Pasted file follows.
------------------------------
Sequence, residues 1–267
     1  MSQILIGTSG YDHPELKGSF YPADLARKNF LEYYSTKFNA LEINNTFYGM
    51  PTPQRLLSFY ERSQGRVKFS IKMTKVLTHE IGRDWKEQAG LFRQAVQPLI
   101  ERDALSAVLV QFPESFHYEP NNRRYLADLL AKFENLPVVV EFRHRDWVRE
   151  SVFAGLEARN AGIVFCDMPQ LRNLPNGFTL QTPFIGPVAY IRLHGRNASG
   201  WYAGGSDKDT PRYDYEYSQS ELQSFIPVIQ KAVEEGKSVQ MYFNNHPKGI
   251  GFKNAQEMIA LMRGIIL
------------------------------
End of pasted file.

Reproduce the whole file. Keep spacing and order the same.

Sequence, residues 1–267
     1  MSQILIGTSG YDHPELKGSF YPADLARKNF LEYYSTKFNA LEINNTFYGM
    51  PTPQRLLSFY ERSQGRVKFS IKMTKVLTHE IGRDWKEQAG LFRQAVQPLI
   101  ERDALSAVLV QFPESFHYEP NNRRYLADLL AKFENLPVVV EFRHRDWVRE
   151  SVFAGLEARN AGIVFCDMPQ LRNLPNGFTL QTPFIGPVAY IRLHGRNASG
   201  WYAGGSDKDT PRYDYEYSQS ELQSFIPVIQ KAVEEGKSVQ MYFNNHPKGI
   251  GFKNAQEMIA LMRGIIL